Review: ‘The Cooke & Verhulst Show’

One more time I would be moved to sit out a week of ‘The Cooke & Verhulst Show’, on the understanding that it would be the very last. That’s how it was promised to us in the run-up to this final season by the duo themselves, in a swan song that appeals to the pain threshold. And promise always leads to debt.

Tom Raes

That announced farewell on Thursday took place in the presence of what Gert Verhulst previously described as ‘the fine fleur of Belgian showbiz’. You bet a boy like me will run for cover. The extensive guest list mentioned for the occasion ranged from Leah Thys until Tanja Dextersfrom Marc van Ranst until Margaret HermansHerman Brusselmans indicated that he would say goodbye to Cooke and Verhulst as an inveterate fencing duo. A lacuna was already apparent on Flemish television, Herman knew. I don’t know if it was irony. And what if it wasn’t? You also got proof, as if you still needed it, that politicians were always queuing in droves to lend a hand to Verhulst and Cooke in their next poll. To crown that dubious tradition, now Bart De WeverConner Rousseau and Bart Tommelein sing a farewell song. None of the other attendees made a joke with ‘the Three Tumors’, which I found to be a lacuna, because every time I see such an excellence storm a scale with gusto and pulled microphone, I think: ‘blank’.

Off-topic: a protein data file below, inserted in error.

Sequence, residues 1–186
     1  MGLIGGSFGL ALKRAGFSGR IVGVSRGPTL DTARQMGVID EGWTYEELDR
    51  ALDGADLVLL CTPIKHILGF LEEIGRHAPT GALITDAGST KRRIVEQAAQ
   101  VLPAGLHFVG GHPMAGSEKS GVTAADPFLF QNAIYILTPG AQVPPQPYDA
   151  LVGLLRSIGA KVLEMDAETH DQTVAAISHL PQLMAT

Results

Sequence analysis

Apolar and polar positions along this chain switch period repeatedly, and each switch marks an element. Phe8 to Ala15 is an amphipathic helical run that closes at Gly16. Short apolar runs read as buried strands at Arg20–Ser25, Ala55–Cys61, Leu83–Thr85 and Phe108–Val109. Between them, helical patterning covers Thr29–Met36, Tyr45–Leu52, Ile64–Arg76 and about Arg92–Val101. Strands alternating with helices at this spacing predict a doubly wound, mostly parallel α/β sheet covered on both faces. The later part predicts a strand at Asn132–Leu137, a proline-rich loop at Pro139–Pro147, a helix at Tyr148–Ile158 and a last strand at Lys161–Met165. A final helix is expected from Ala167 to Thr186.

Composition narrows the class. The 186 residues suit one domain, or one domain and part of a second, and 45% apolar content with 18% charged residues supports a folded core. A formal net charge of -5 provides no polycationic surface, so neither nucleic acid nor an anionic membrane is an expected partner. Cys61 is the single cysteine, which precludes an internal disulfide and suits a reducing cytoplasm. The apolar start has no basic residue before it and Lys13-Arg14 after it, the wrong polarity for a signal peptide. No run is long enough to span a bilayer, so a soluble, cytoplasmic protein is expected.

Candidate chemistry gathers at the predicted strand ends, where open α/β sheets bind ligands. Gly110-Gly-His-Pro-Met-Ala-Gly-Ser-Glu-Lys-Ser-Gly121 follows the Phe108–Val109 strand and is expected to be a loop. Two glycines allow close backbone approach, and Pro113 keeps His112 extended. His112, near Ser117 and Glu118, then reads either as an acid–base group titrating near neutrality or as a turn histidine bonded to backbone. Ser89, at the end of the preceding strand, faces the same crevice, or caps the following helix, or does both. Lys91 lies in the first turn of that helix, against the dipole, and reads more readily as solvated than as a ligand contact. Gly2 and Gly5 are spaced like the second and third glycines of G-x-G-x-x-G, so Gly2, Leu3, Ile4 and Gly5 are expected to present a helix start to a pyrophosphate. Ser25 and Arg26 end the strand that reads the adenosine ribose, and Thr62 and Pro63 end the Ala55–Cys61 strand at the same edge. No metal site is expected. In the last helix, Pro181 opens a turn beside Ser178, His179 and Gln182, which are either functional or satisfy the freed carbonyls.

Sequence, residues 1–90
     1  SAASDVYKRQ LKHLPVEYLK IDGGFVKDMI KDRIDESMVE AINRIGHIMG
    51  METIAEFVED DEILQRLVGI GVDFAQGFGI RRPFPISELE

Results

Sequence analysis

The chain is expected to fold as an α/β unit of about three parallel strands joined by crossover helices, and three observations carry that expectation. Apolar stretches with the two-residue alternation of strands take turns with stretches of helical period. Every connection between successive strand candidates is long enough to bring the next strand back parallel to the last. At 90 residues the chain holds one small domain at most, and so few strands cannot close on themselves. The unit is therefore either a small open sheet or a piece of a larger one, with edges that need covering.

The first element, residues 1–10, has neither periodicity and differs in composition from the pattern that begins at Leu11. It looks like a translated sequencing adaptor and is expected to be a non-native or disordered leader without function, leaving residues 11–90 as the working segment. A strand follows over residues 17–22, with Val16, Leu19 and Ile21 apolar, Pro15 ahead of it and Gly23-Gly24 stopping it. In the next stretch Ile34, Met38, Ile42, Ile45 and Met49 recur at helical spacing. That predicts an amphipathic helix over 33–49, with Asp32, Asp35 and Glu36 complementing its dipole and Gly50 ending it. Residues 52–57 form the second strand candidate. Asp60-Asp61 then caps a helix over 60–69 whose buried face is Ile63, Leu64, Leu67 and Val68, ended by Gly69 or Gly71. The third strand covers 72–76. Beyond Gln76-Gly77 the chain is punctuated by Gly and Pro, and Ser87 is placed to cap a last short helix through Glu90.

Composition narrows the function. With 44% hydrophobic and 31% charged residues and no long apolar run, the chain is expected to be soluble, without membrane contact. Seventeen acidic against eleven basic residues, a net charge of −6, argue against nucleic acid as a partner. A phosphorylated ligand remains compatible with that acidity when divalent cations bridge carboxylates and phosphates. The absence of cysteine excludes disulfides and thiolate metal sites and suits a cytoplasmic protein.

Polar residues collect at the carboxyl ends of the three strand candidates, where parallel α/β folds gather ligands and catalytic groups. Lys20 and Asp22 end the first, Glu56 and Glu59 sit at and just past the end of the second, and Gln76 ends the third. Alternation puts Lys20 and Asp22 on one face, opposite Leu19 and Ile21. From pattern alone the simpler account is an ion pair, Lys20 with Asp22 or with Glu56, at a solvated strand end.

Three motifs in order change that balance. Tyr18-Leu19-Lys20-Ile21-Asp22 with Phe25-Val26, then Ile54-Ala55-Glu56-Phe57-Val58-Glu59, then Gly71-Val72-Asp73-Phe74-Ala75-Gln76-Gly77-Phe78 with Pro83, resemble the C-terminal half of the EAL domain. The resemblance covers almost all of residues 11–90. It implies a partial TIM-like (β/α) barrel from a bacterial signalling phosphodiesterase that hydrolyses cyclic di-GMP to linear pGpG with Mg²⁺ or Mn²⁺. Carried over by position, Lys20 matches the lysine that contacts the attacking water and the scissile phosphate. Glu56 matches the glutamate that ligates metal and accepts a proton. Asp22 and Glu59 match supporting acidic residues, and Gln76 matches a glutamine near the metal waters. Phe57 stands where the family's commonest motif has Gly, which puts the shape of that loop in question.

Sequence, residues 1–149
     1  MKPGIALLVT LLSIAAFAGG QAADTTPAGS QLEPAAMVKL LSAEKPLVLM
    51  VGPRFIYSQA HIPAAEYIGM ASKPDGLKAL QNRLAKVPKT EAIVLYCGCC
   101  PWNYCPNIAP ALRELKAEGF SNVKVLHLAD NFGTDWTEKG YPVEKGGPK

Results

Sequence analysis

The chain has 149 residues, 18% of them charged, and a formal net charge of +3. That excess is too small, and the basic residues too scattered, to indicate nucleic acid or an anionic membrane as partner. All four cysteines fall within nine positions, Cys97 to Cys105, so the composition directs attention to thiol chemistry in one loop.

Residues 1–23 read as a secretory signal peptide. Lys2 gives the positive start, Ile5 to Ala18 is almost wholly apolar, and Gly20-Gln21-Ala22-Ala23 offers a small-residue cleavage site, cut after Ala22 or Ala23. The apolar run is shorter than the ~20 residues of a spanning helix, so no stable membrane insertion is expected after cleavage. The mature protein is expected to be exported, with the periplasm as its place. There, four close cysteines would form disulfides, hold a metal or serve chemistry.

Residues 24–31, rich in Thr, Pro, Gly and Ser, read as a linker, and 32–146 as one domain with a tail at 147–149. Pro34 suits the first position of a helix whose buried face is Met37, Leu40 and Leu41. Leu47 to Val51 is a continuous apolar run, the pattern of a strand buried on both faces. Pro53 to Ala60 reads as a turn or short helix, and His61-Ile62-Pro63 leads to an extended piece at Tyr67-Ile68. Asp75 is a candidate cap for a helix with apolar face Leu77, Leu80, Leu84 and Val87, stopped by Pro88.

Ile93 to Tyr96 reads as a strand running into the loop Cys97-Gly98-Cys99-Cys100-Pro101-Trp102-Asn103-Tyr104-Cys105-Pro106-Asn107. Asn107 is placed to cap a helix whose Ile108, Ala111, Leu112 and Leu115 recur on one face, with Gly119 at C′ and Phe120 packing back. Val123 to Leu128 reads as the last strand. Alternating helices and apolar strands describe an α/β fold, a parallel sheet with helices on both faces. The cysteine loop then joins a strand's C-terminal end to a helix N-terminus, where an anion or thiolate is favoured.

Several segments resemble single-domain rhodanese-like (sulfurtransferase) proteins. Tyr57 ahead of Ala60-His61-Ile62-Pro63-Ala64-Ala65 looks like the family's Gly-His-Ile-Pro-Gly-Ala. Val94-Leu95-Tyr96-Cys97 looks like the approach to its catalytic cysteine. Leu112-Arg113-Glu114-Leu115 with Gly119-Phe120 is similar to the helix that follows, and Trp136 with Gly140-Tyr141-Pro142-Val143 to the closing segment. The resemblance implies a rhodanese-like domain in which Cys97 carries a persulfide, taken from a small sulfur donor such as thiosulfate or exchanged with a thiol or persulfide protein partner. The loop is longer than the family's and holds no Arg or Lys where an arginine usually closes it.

The last episode mainly consisted of one continuous look back at almost the entire shared career of Cooke and Verhulst, with old footage, which gave the feeling that you had become stuck between zapping in the ditch between an archive program and a modern, overly shiny upgrading of ‘Zondag Josdag’ in which verbatim anecdotes were retold. You just had to be there. And if you weren’t, you were lucky. What was also striking was that the majority of those apparently miraculous times had apparently taken place on ‘the boat’. The least you can say about the ‘De Cooke & Verhulst Show’ when you look back, is that, unlike ‘Gert Late Night’, there were seldom any fluctuations. Let no one read a light compliment in that, because a swing also has an upward trend just as often. Anyway, the very best moment was voted: James Cooke who blew up a condom on his head. Yes, a lacuna.